Re: "I did not know that ARM actually prohibited adding instructions"
> your OS (typically) or application determine which path is taken at runtime based on CPUID checks
No, that is not true at all. The application programmer and the compiler determine the code execution path of a program. Your application - written in a high-level language - is compiled, assembled and linked to an executable binary. The compiler + assembler generate the object files, and then the link editor glues them together into an executable. The code execution path is determined by (1) the code written and (2) the compiler. Nothing else.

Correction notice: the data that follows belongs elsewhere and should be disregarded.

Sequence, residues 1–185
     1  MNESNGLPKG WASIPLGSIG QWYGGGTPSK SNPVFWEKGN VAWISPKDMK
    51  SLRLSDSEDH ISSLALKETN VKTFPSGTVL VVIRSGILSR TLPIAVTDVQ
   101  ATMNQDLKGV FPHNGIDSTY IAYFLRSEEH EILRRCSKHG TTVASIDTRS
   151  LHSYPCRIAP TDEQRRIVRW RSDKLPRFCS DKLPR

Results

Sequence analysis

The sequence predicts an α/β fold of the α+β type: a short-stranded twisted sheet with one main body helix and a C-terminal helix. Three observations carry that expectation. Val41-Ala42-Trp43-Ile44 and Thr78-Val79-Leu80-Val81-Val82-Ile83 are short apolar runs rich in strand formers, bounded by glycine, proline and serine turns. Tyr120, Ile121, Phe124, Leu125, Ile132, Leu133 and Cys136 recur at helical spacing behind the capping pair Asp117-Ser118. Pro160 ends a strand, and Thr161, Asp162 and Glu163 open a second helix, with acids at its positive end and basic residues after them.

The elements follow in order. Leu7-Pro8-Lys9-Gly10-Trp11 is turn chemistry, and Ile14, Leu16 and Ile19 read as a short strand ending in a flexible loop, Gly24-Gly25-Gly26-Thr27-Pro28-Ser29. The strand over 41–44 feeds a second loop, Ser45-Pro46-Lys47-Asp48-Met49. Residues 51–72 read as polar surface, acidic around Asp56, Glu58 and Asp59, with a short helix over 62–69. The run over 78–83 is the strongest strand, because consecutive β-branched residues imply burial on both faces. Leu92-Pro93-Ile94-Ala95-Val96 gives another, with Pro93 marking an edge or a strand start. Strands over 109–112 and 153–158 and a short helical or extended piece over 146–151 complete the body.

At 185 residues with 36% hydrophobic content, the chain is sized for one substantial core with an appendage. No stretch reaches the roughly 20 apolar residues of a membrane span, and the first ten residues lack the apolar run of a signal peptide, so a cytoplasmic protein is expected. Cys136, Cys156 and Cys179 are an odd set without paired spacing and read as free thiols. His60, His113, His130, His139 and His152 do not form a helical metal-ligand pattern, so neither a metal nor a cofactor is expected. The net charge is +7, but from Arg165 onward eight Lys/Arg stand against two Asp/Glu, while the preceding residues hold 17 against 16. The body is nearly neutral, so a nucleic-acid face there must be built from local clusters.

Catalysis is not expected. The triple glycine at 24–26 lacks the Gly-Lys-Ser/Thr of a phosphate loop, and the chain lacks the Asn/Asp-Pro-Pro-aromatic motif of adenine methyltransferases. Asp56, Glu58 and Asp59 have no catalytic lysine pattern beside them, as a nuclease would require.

I know of no compiler that arbitrarily inserts CPUID instructions at random points just to figure out where the code goes next. That's just bonkers.
CPUID will fill your registers with all kinds of values. You then have to store these values someplace. That implies stores. Where do you store them, so you can access them later? You can't keep them in registers, because these registers will be clobbered - used later on during program execution. The compiler can't invent imaginary variables to arbitrarily store the return of random CPUID instructions.
If the high-level code did not call CPUID explicitly with an assembler directive, the compiler will not hallucinate that call for you, nor will it store its results anywhere. It just doesn't happen.
> Regarding the cost of the CPUID, it is likely a one off evaluation to set variables.
No, it's not. Wikipedia for CPUID.
"Likely" does not compute. There is a known cost for the CPUID instruction - just like for every other instruction - and that cost is always the same.